This four-seater single-engine airplane crashed into the ocean in October 1988, shearing off one of its wings on impact. A fuel-supply problem most likely caused the crash, although the pilot controlled the landing such that the wreck remains in remarkably good condition. The flight book still sits inside, and the words “Visit Greece” are still visible on the left back side of the aircraft. With excellent visibility and a depth of just 60 feet (18 m), the Piper is accessible even for entry-level divers.

Blackjack B17, Milne Bay, Papua New Guinea

The U.S. bomber Blackjack B17 came to grief while taking part in a bombing mission against the Japanese in July 1943. The plane received its nickname for the last two digits of its serial number — 41-24521— which add up to “blackjack” in the table game. Mechanical problems and bad weather forced the crew to ditch the plane over Milne Bay, where it lies today in 165 feet (50 m) of water. Although only accessible to tec divers, the Blackjack is an historic treasure, complete with intact guns and ammunition.

Dakota DC-3, Kaş, Turkey

Although this wreck was intentionally sunk in 2009 at a depth of 55 to 85 feet (17 to 26 m), it nevertheless has an impressive wartime history. Measuring 65 feet (20 m) in length and with a wingspan of 100 feet (30 m), the Dakota transported Turkish paratroopers during WWII. Today, it is still more or less intact, and its iconic twin propeller engines provide an excellent subject for photographers.

Boeing 737, Chemainus, British Columbia, Canada


In January 2006, this large commercial plane became North America’s first artificial airplane wreck, sunk by the Artificial Reef Society of British Columbia (ARSBC). Divers should prepare for chilly water and relatively poor visibility. Those with the proper training can explore the cavernous fuselage, which has been cleared to allow for safe access. At its deepest point, the wreck lies in 100 feet (30 m) of water.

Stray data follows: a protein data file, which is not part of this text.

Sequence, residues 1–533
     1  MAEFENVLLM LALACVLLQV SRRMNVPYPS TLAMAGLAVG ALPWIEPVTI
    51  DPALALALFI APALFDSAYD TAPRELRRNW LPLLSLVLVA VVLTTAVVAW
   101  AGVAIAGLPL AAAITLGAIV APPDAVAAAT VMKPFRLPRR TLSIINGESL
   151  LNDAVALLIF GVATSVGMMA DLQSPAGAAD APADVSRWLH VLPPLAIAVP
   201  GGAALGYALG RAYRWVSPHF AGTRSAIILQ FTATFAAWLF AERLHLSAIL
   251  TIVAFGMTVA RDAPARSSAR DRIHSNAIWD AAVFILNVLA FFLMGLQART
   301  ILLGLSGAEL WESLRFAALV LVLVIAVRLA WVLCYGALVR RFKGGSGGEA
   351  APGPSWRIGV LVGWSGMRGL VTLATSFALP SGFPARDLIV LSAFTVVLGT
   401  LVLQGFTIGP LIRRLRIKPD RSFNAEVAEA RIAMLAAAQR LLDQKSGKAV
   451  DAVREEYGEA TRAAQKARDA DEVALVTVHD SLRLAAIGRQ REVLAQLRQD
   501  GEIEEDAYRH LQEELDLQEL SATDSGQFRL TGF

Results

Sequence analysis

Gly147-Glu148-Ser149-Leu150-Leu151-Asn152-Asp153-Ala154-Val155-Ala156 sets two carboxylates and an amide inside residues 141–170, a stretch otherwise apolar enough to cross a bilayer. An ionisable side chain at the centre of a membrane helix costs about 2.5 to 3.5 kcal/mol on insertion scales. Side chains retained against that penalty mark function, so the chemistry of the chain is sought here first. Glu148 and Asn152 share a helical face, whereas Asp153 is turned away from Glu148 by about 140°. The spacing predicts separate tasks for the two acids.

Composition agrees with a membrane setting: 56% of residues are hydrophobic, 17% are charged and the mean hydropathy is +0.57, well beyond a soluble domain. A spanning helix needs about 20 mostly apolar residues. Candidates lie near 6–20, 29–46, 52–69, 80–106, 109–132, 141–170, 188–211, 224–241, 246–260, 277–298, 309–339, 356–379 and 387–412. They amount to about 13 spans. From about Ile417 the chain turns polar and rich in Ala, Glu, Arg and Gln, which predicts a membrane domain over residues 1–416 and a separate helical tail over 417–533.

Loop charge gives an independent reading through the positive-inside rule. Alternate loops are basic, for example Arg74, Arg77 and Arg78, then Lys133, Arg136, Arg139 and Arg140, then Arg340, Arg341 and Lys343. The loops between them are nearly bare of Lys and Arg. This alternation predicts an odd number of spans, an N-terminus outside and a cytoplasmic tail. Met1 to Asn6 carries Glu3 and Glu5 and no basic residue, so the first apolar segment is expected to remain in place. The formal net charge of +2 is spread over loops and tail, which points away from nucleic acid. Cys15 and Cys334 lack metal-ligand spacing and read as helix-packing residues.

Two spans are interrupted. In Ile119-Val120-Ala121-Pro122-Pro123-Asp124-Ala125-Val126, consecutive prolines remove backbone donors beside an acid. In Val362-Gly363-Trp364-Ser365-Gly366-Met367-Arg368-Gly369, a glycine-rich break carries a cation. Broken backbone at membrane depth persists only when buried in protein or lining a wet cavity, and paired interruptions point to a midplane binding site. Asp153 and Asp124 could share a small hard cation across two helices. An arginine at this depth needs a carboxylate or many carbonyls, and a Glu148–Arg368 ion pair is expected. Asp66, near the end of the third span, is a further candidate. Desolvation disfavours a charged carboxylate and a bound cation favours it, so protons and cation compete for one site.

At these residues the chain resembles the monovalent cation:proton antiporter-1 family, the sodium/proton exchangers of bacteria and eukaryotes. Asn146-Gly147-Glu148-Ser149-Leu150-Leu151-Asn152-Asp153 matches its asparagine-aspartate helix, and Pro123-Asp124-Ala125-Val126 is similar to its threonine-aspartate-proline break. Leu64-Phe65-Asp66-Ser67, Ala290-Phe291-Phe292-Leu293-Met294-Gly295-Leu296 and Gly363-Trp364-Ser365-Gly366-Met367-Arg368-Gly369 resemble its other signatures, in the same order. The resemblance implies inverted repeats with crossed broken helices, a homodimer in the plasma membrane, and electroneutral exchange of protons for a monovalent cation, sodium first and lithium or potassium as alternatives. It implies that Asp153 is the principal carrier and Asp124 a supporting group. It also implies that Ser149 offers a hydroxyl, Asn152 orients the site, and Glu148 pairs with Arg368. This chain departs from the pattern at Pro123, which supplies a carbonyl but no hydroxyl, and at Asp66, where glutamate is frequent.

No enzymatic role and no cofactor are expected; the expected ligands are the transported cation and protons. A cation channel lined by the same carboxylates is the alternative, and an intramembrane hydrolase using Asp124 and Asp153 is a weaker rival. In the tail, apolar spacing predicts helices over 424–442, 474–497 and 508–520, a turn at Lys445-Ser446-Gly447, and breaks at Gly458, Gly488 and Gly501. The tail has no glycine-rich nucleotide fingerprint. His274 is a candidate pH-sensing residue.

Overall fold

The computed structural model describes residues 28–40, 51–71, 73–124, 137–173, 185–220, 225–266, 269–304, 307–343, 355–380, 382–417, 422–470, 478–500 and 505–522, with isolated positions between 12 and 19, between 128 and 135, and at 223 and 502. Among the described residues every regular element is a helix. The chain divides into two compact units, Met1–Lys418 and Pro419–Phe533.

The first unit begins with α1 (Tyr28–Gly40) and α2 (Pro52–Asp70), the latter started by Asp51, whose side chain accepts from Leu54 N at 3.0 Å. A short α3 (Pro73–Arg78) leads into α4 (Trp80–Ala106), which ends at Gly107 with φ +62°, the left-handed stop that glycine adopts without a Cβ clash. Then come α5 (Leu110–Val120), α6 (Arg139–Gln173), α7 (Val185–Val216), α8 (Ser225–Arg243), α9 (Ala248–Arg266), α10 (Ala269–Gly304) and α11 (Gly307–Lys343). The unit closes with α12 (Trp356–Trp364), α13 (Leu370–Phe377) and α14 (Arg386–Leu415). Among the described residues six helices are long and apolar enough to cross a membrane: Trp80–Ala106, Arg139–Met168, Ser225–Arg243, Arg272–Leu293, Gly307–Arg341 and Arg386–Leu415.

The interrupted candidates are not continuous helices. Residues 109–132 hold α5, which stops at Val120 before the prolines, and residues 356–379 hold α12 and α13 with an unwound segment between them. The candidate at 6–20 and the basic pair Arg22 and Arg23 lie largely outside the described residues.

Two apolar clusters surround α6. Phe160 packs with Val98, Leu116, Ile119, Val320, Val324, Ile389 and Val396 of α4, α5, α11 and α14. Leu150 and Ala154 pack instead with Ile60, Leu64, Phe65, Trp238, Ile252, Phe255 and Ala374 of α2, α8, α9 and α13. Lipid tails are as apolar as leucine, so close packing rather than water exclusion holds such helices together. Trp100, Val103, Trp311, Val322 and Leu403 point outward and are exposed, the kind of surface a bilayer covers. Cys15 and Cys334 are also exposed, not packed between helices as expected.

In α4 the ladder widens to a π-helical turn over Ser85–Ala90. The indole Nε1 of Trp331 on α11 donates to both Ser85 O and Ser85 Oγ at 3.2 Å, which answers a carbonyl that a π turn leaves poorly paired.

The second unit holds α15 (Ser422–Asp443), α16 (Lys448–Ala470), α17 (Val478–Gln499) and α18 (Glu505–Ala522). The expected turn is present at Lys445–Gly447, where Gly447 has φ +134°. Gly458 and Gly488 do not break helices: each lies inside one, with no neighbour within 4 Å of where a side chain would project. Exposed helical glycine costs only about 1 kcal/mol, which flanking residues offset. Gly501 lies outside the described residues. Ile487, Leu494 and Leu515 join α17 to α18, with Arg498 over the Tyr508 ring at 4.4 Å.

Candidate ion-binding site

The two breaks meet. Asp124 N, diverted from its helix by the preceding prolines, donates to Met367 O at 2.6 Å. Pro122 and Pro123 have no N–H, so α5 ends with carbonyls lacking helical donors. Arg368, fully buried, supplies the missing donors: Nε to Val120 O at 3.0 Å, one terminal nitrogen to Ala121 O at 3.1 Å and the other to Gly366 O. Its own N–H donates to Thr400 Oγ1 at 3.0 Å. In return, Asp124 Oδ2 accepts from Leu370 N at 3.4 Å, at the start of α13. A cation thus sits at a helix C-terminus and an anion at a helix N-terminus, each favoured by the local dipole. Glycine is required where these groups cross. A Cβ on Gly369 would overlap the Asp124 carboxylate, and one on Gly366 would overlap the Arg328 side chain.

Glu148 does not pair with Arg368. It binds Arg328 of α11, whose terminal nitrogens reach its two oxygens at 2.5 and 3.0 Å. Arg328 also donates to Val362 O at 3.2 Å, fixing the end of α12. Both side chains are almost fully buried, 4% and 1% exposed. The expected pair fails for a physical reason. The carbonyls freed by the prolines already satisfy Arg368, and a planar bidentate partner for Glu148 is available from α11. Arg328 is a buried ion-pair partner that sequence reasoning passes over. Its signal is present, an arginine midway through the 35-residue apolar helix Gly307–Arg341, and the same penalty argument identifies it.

Bristol Blenheim Bomber, Delimara, Malta

At a depth of 138 feet (42 m), the historic Bristol Blenheim Bomber is just out of reach for recreational divers, but it’s a favorite spot for those learning to tec dive. In December 1941, enemy fire damaged the RAF plane while it was on a bombing raid. Its pilot was ordered to crash the plane into the sea, rather than risk damaging the nearby runway. Fortunately, all the crew survived.

Airplane Wrecks, Aruba, Lesser Antilles

When one airplane wreck isn’t enough, divers should head to Aruba. Here, they can explore the intentionally sunk wrecks of a DC-3 and a S-11 on the same dive. Hurricane Lenny broke the DC-3 into two parts. Other than a shattered nosecone, the newer S-11 wreck is completely intact. At the deepest point, this dive site is just 80 feet (25 m), so it’s a good spot for beginners.

Betty Bomber, Chuuk Lagoon, Micronesia


Although this Mitsubishi attack bomber is one of the least-intact planes on this list, it’s also one of the most interesting. Historians think it went down while attempting to land at Etten Island airstrip in 1944. It’s uncertain, however, whether U.S. forces shot it down, or whether it simply crash landed. It now lies under heavy coral cover in 50 feet (15 m) of water.